Zemeckis and Gale have been absolute geniuses in writing these films. In each film they have taken little pieces from the previous films and make them essential to what's happening. For instance, if you've seen the second part there is a short scene that is extremely relevant to what goes on in the finale. When originally viewing it in Part II, I'm sure you never gave it a second thought. When the pay off comes in this film, you can't help but chuckle and say, oh I see. As for my third point about tying up loose ends, they do that and tie up some things we didn't even know were loose ends.

In Part II, it was necessary for several of the actors to play different roles. This one is no different. Besides being Marty Mcfly, Fox also portrays his ancestor Shamus Mcfly, who is Irish, and again Fox shows his versatility as Lea Thompson does as his wife Maggie. Of course James Tolkan is back as Strickland and theres a couple of good jokes about his character that will surprise you...well at least one of them will surprise you the other will just leave you laughing. As if all this wasn't good enough, Zemeckis also gives us several old western character actors, Dub Taylor, Pat Buttram, and Harry Carey Jr. Another great touch thrown in just for the fun of it.

In reviewing the fist two parts of the trilogy, I failed to mention Alan Silvestri's terrific score. All three films owe a great deal of their success to it, and the fact that he was able to keep the same theme, yet do variations on it that perfectly fitted each film deserves as much credit as all the others responsible for making this film received.

So what about point 4, a satisfying ending? Of course, you'll have to see the film to find out for yourself. I can only say that when Part 3 was over I felt a certain amount of sadness that the trilogy had ended. Even now when I watch the three films, I wish there had been a fourth, and a fifth. This was not because the ending of the third film left me unsatisfied in anyway, quite the contrary in fact. It was because I would miss not only the films themselves, but most of all the rich detail and characterizations brought to life for us by a wonderful cast, director, writers and the rest of the crew responsible for enabling us to enjoy one of the most memorable series of films ever. And when you live in my memory forever, you get my grade. For Back To The Future Part III it's an A+. As for the trilogy, there is no grade high enough, no rating high enough, for me to give it the award it so richly deserves.

Reviewed by DarthBill 5 / 10

"There's a man who can't hold his liquor."

Picking up where #2 left off, Marty is stuck in 1955 again and has to explain to the 1955 Doc why he's back and uses a letter Doc sends him from 1885 to explain what happened. After fixing up the time machine (hidden in a from 1885 cave), they find out that Doc is murdered in the past by Buford "Mad Dog" Tannen (played by Thomas F. Wilson) "over a matter of $80 dollars." So Marty decides to go back and rescue Doc before the murder can occur, but he is bedeviled by a rip in the fuel line - meaning they have to find another way to get the time machine to hit 88 miles per hour - and Doc falling in love with school teacher Clara Clayton (Mary Steenburgen). Along the way, he gets advice both from Doc and his 1885 ancestor Seamus McFly (also played by Michael J. Fox) that he should really learn to control his temper.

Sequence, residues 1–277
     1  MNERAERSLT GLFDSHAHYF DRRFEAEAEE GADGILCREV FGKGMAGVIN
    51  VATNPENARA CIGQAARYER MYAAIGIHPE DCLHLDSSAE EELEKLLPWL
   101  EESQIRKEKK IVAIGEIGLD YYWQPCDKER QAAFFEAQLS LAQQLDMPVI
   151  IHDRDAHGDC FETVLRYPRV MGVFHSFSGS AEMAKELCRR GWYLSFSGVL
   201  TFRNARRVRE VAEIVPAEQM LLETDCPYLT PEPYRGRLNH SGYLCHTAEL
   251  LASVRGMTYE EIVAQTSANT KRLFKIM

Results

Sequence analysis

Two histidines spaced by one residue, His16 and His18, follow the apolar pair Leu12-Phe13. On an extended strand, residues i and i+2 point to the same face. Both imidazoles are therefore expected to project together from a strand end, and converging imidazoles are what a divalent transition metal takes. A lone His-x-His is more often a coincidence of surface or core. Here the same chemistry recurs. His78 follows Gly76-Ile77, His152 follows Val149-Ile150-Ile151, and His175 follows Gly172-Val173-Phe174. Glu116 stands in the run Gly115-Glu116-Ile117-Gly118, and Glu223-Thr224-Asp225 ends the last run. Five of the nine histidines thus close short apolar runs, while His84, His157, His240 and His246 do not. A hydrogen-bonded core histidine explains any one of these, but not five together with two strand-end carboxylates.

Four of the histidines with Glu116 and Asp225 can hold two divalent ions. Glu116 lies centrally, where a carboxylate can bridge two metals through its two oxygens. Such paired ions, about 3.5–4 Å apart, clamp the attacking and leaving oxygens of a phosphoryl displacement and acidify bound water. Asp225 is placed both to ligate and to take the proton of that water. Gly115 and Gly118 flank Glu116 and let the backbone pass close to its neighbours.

Fox and Lloyd are fun to watch as always, and I give my hat off to the studio for hiring Mary Steenburgen as Doc's love interest and not some super model type; it's more fitting of who Doc is. Wilson's Biff Tannen officially became a traditional "villain" in #2 with him murdering George McFly, and now Wilson plays an even bigger villain in Buford Tannen, whom he makes both funny and menacing.

Ironically, Wilson is said to be a very nice man in real life. Leah Thompson makes the most of a thankless dual role as both Lorraine McFly and Marty's great, great grandmother Maggie McFly, and James Tolkan plays his Principal character's soft spoken law man ancestor (killed in a deleted scene by Buford Tannen; "Remember son... discipline.")

It should be noted that originally there were no sequels planned with the first movie; that bit with Doc taking Marty and Jennifer to the future to help their kids was just another gag. But the film was such a hit that the studio couldn't NOT do sequels, so this one and part 2 were filmed back to back, which is becoming more of a craze these days.

Although on the surface it's a lighthearted comedy about time travel, it's also about what it means to be a man. The first film defined being a man through violently standing up to your tormentors, while this film and #2 go with the theme that being a man also means you have to reign yourself in when people start annoying you. Marty' willingness to fight back was his strength in the first film but here it is his flaw, as people in both 2015, 1955 and 1885 continually get his goat. The message of self-control is bluntly stated when Doc says to Marty "You can' t keep going off the handle every time someone calls you a name, that's why you get into that accident in the future!" (referring of course to the car accident mentioned in part 2). It is not until Marty realizes his error when he's about to meet Buford in the gun fight that he achieves this ideal and, much to Seamus's glee, says of Buford and the opinions surrounding him "He's an asshole! I don't care what Tannen says, and I don't care what anyone else says either!" Because of this, he is able to avoid said accident.

Also loaded with gags, references to other great westerns ("My name is Clint Eastwood.") and Doc's response to being asked if his hijacking the train is a
hold up: "It's a science experiment!"